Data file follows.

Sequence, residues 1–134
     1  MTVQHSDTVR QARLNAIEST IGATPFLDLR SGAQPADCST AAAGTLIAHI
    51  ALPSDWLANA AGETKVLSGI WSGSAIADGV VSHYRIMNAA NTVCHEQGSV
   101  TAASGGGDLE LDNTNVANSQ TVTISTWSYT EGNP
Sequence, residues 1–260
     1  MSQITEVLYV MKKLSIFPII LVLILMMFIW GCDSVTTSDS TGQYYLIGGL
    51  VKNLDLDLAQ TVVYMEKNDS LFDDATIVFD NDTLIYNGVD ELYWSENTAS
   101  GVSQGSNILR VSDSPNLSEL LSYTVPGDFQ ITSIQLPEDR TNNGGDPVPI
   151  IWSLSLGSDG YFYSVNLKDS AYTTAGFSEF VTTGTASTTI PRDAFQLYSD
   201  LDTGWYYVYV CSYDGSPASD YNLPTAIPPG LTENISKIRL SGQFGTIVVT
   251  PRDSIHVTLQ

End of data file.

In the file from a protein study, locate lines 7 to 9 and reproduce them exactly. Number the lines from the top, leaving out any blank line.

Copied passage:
    51  VKNLDLDLAQ TVVYMEKNDS LFDDATIVFD NDTLIYNGVD ELYWSENTAS
   101  GVSQGSNILR VSDSPNLSEL LSYTVPGDFQ ITSIQLPEDR TNNGGDPVPI
   151  IWSLSLGSDG YFYSVNLKDS AYTTAGFSEF VTTGTASTTI PRDAFQLYSD